How NHS England, top doctors and acute hospitals MANUFACTURE need for social care, and why we need to rediscover convalescence

This report can be downloaded as a pdf file here.

27 August 2022

EXECUTIVE SUMMARY

    • A blame game is being played out before our eyes. Ambulances are waiting for hours outside emergency departments to discharge people in need of urgent care, amid claims by NHS England and acute hospital trusts that thousands of acute hospital beds are unavailable for emergency patients because they are occupied by patients who can’t be discharged because they are waiting for social care. 

    • But if we look into these claims and ask what actually goes on in acute hospitals, we find that NHS England, the Academy of Medical Royal Colleges (AMRC) and clinicians bear a heavy responsibility for creating this situation. 

    • Focused as they are on providing ‘treatment episodes’, the hospitals do little to maintain inpatients’ well-being: to recognize, monitor and ameliorate processes of physical deconditioning and psychological deterioration. In a nutshell, they fail to recognize that care is needed as well as cure, and that providing care has to be a process, not an episode. 

    • Acute hospitals create need for further care by discharging patients when they can, at very short notice, on the basis of ‘criteria to reside’ drawn up by the AMRC. These criteria are exclusively clinical and take no account of the patient’s level of well-being and whether they are fit to go elsewhere.

    • NHS England’s attempts to improve matters by issuing directives and setting targets will continue to fail until they recognize that while highly-qualified doctors and surgeons may excel at diagnosing ailments and providing episodes of treatment, on the evidence they are simply not interested in how being in hospital affects patients.

    • Not only do trainee doctors learn from consultants that their role is to provide episodes of treatment rather than think in terms of process, they go through the NHS Leadership Academy which sees its role as equipping them ‘to be a leader of people at the start of their career’. So we have brand-new doctors coming in to hospitals having already been taught to think of themselves as leaders, then finding themselves among nurses and allied health professionals who have far more experience than they do, and bringing with them no awareness of the processes of damage to their well-being that patients undergo.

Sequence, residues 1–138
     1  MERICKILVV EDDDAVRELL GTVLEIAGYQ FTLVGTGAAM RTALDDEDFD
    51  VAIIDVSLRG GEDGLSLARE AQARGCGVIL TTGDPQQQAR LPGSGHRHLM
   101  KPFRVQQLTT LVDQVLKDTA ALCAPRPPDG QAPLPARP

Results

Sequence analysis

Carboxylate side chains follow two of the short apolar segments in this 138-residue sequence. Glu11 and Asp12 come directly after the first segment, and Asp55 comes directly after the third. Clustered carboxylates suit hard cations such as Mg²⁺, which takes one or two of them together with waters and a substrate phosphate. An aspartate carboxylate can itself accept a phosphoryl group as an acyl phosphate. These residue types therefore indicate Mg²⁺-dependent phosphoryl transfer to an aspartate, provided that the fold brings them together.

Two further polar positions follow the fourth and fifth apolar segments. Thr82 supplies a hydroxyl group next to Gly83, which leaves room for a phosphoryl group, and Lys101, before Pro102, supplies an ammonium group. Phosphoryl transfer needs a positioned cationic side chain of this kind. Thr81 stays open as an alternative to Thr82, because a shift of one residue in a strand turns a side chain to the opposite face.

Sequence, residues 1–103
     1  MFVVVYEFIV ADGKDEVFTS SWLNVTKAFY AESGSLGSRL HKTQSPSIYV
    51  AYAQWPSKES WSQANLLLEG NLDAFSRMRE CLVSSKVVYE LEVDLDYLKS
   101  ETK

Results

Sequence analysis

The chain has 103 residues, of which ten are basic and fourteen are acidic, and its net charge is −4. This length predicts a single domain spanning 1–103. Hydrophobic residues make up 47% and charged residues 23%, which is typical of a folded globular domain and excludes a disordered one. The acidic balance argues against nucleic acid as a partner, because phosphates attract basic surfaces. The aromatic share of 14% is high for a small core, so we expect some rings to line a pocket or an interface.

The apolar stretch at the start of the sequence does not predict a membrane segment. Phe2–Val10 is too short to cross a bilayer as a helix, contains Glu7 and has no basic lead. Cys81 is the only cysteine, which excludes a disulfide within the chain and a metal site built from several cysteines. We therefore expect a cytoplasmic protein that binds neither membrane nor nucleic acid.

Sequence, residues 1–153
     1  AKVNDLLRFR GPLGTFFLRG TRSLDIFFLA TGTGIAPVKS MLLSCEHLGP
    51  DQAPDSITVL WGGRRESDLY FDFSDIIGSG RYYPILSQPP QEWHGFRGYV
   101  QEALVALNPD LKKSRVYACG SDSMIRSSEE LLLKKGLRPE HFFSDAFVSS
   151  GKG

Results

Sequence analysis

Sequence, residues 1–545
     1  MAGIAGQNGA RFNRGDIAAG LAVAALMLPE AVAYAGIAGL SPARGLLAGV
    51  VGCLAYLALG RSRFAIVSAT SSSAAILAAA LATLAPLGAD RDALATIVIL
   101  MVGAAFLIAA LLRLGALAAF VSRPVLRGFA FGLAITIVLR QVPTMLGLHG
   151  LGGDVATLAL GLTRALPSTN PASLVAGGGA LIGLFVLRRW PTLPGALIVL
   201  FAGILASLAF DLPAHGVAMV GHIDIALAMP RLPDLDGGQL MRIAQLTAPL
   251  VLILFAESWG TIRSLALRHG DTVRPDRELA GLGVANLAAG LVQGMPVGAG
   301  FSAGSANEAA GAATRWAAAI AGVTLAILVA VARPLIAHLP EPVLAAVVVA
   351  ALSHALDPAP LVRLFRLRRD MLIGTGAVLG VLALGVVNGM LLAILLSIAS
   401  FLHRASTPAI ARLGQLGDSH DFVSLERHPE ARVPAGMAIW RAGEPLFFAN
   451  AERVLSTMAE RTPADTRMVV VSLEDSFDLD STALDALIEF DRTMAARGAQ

• Before the NHS was born, the UK learned from two world wars that convalescent homes were crucial to the recovery and reablement of members of the armed forces suffering from war wounds. It is time to relearn those lessons. Every acute hospital should have a group of convalescence establishments around it, or at least a designated convalescence unit within one or two local community hospitals. They should be led by therapists, not doctors or nurses. Their role would be to immediately whisk away from the acute hospital every patient who no longer meets the criteria to reside, and go on provide any further medical care that they need, while also nurturing their well-being and provide them with the therapies, the life skills and the social environment they need to regain their place in their communities. That move would be a tangible step for them on their road back to ‘normal’ life, as well as freeing up much-needed beds in acute hospitals. 


Introduction
All over the UK, we are being told that large numbers of patients occupying beds in acute hospitals don’t need to be there: they are medically fit for discharge, and the reason why they are still there is that they have been unable to move on from medical care to out-of-hospital social care. For example, the Royal Cornwall Hospitals Trust (RCHT) recently reported

Acute hospital and ambulance services in Cornwall are being directly and severely impacted by the current significant shortfall in social care capacity in the Duchy … . Over the last two years the number of acute hospital beds occupied by patients who are waiting for social care or other community support [before they can be discharged has] almost doubled … and this has resulted in over 100 of RCHT acute hospital beds now [being] unavailable for our emergency patients.

NHS England, ‘top doctors’ – in the form of the Academy of Medical Royal Colleges (AMRC) – and acute hospital trusts seem to have unanimously identified the crucial issue as one of length of stay: patients are staying too long in a hospital bed. There has been a stream of initiatives from the centre directed towards discharging patients from hospital sooner.

Without exception, these initiatives have ignored the experiences that patients have, alongside their medical treatment, during their stay. But there is evidence that for many, and for ‘over-stayers’ in particular, those experiences harm their well-being and leave them in need of care to help them recover it.

The emphasis that NHS England is currently placing on maximizing the flow of patients through hospitals while ignoring the experiences that they have has resulted in manufacturing need for what we know in the UK as ‘social care’. The decisions of NHS leaders, aided and abetted by the AMRC and hospital clinicians, have had the effect, when acted on, of creating more such need than there would otherwise be. The newly-established integrated care systems seem unlikely to change this.